About Postpartum Depression
It’s not uncommon for a new mom to go through a short period of feeling emotionally down following the birth of her child. Commonly termed the “baby blues,” this condition may be a natural reaction to the stresses, fatigue and hormonal changes attendant to childbirth, and it typically passes within just a few days. But when it doesn’t – and when more significant signs of depression continue to the point of making it hard to go about one’s daily life – than it’s time to be evaluated for postpartum depression (PPD).
As many as 20 percent of new moms experience PPD, but there are ways to mitigate it if you learn to recognize it's signs and symptoms and discuss them with your physician, friends and family. Just talking about your feelings can help release some of the stress you are feeling and spread out some of your emotions among others, so they aren’t so overwhelming.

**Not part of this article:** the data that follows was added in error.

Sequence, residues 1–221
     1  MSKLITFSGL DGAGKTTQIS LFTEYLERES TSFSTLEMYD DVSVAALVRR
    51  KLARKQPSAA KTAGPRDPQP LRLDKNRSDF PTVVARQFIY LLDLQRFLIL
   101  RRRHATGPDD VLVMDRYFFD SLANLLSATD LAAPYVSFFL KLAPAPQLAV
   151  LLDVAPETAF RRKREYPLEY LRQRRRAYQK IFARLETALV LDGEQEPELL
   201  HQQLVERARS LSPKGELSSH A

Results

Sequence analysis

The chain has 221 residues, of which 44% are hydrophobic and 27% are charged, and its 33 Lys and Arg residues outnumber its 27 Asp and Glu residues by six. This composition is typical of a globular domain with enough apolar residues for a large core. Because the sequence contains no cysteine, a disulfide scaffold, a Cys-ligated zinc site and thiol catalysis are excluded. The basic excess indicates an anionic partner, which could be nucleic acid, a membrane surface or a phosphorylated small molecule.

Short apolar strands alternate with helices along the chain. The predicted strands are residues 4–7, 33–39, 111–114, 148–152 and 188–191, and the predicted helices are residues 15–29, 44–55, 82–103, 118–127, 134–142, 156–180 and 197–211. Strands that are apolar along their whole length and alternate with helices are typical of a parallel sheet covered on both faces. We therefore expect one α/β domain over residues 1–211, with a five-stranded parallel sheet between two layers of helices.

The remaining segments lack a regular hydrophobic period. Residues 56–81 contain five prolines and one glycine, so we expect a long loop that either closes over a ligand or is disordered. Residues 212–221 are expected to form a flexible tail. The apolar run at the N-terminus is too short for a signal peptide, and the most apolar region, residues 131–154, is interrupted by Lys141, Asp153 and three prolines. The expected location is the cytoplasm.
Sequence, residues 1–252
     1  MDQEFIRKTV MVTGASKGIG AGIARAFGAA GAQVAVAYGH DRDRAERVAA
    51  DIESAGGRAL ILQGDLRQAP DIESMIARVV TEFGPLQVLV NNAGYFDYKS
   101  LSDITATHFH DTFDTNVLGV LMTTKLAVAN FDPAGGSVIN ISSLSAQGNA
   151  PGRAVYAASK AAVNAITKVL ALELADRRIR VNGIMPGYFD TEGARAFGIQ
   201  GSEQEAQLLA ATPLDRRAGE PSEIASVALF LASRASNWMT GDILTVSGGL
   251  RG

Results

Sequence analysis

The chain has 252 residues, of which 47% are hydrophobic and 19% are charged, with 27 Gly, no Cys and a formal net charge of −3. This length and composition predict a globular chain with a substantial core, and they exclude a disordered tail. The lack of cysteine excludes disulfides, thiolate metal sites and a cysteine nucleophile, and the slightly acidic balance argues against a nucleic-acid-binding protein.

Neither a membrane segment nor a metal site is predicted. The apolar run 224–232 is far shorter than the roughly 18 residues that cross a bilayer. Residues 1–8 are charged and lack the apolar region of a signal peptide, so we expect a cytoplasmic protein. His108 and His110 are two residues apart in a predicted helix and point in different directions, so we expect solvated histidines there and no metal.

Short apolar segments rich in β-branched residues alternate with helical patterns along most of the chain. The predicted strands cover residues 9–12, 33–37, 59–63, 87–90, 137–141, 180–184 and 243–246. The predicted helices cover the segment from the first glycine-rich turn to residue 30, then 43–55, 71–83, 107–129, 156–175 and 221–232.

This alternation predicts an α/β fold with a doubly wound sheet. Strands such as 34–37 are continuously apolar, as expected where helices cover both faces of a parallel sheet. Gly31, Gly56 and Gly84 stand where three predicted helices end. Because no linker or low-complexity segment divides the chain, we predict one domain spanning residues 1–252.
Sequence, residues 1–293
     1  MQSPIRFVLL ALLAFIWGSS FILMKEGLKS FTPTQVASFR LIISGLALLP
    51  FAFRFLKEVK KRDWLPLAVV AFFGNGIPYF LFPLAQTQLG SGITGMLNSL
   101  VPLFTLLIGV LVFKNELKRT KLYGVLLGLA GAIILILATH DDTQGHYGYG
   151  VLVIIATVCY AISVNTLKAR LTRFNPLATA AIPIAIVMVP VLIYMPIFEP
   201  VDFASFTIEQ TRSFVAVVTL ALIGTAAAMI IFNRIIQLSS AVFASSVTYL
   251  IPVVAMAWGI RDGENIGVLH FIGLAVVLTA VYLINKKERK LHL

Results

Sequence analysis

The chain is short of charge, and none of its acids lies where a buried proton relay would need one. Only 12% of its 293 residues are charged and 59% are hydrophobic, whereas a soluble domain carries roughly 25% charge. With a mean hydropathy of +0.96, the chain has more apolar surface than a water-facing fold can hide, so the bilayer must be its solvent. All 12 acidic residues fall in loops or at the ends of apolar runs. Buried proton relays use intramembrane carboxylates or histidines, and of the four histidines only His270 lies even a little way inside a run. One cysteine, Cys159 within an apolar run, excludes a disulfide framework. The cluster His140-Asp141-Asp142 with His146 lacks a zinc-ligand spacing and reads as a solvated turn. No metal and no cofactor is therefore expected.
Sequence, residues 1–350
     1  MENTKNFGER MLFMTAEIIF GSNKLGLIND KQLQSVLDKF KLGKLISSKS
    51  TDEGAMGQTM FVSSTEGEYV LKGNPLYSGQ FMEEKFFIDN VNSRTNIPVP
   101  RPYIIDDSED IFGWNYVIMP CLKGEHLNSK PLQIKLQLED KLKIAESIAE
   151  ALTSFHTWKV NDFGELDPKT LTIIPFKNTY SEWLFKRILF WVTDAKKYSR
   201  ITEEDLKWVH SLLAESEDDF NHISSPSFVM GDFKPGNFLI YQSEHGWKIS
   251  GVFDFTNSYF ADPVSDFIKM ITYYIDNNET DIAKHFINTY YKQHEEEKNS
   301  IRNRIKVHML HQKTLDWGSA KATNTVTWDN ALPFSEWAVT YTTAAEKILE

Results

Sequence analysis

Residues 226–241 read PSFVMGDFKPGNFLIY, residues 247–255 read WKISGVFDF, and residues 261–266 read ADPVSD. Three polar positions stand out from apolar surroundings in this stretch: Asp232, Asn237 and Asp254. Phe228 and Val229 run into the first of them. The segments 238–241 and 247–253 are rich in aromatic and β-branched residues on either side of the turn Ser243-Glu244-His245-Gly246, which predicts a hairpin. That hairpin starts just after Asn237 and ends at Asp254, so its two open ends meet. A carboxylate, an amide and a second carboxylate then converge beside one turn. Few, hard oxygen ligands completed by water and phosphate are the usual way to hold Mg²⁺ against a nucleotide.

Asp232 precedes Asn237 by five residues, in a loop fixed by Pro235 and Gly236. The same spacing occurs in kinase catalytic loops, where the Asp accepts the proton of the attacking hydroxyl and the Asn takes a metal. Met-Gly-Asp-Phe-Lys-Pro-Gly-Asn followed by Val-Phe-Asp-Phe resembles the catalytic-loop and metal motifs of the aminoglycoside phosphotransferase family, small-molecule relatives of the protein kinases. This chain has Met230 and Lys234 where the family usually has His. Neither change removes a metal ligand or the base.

PPD Symptoms and Contributing Factors
- Feelings of sadness, guilt, and worry
- Inability to make clear decisions
- Lack of enthusiasm for things you enjoy
- Changing sleep patterns
- Stressful conditions at home or work
- Thinking about hurting one’s self
When needed, your OB-GYN physician can connect you to community resources such as professional counselors; less often, they will offer medical management help curb a patient’s symptoms. In most cases, communicating with others and talking about PPD is the best and most effective means of treating it.
To make an appointment with Dr. Mamie Rogers, MD, board-certified obstetrician and gynecologist, visit FHMedicalGroup.com or call 352-589-6005.